I’d felt something shift in our relationship but didn’t want to immediately jump to the middle school question of “Are you mad at me?” because she’s got a lot going on in her life and, at this age, I’ve learned that things are rarely about me.

So, I sat on it for a while, eventually conferred with a couple of friends who know her better, and then finally asked her about it. And she broke up with me.

It hurts and it’s made me really sad and I still don’t understand why. It’s dredged up 43-year-old insecurities and now I have to make sure that just because I feel like I did 43 years ago I’m not reacting like I would’ve back then. Turns out it’s just like any other breakup in your life you didn’t want: it’s sad and it hurts and it’s confusing. It’s made me doubt myself and question my other friendships. Do all my other friends feel this way? Are they just tolerating me? It’s been a lot to work through (it sent me back to therapy!). I thought things were supposed to get easier or better as we get older…

But what I know for sure is that things usually work themselves out. Eventually. Sometimes it’s necessary to pause and give things a minute before moving forward or making a decision. Even that pause will change the information available to you, which could shed some light on the situation.

That uncertainty is hard, though – especially for someone who may be used to making things happen and getting things done. Like a mom, for example. We make so many decisions on the fly every day – some of which are very important, and some aren’t. But we rarely do nothing. So, to sit back and just wait is a whole thing in itself.

As a new school year starts and new challenges arise, don’t forget that waiting a minute is sometimes a really good option. Not always, no. But if something is vexing you, hold still for a second and wait for some clarity. More often than not, you’ll find it. And to those of you in the messy middle of something or sending kids to school for the first time (or the last time) or going through other big changes, hang in there. You’ll figure it out. You may not always love the outcome, but resolution can go a long way in calming you down.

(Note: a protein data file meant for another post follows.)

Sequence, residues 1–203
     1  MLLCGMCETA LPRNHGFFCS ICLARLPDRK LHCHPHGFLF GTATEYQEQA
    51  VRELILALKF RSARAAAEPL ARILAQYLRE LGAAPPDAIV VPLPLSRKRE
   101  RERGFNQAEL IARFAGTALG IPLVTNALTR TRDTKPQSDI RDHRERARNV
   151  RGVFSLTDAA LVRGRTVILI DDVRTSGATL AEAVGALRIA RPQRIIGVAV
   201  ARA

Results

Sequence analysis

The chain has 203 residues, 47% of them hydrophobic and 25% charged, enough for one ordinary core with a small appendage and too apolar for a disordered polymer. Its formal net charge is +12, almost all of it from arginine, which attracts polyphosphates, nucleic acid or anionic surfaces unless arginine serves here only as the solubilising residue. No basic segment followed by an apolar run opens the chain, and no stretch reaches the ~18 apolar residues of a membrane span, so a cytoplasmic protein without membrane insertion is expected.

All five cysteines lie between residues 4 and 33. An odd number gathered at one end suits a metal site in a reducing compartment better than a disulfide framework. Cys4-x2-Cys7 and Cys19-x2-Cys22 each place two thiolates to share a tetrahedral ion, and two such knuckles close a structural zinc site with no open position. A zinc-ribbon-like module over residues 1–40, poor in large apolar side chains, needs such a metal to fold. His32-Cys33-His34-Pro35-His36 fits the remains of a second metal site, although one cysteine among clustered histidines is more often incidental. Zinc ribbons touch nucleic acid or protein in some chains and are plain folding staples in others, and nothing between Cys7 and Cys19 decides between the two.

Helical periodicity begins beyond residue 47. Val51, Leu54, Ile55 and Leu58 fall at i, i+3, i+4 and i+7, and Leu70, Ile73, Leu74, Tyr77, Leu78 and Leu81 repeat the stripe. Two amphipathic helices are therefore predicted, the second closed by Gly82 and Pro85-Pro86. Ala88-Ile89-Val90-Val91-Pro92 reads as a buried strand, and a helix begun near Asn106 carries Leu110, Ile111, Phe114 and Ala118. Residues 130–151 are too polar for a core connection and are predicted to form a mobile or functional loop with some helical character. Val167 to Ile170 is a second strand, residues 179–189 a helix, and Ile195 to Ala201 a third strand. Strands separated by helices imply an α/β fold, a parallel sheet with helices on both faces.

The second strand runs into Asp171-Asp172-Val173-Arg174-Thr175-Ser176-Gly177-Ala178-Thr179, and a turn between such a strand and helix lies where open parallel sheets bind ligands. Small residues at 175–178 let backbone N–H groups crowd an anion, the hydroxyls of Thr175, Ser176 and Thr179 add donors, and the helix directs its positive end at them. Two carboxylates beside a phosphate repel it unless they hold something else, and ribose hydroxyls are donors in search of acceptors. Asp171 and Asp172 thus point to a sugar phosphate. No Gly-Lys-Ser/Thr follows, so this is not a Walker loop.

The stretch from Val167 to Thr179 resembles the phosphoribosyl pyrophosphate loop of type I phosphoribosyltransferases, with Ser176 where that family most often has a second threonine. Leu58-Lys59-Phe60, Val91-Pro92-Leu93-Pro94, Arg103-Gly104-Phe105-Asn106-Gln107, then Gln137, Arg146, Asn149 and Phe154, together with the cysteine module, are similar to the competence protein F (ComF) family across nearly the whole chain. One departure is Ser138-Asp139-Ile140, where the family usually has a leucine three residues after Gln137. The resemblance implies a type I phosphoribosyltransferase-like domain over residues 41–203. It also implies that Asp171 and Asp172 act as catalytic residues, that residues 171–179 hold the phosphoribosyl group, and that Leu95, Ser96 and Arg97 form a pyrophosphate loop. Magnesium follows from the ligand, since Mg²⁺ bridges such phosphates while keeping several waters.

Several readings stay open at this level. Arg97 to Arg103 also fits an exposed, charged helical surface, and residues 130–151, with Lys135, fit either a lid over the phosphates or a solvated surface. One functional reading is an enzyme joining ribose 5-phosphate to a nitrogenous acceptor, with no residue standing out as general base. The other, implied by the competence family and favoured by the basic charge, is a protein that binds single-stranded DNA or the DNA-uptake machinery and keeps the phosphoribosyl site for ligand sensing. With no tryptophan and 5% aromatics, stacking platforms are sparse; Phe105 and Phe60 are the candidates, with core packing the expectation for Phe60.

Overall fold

What has life been like for you lately? Can you relate?

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Kathy Ferguson
Wildly in love with her perfectly imperfect life, Kathy’s been married to her most favorite person in the world, “The Professor,” for 14 years. They moved to Columbia from Atlanta seven years ago and are enjoying raising their two girls, Gracie (12½) and Tate (10) here. After undergrad and her MBA, Kathy worked in Corporate America for 10 years before retiring to work full-time for the girls. Most recently, she was a grant writer at a college here in town, but had to leave that job when her family moved to New Zealand for six months for The Professor’s sabbatical. She started her blog, kathygoeskiwi.com, to document that amazing adventure, but now she’s home and trying to figure out what to do with her life. Again. Probably the loudest and most foul-mouthed introvert you’ll ever meet, she can usually be found curled up with a trashy romance novel, on the tennis court, at her awesome gym, or drinking wine with people she loves.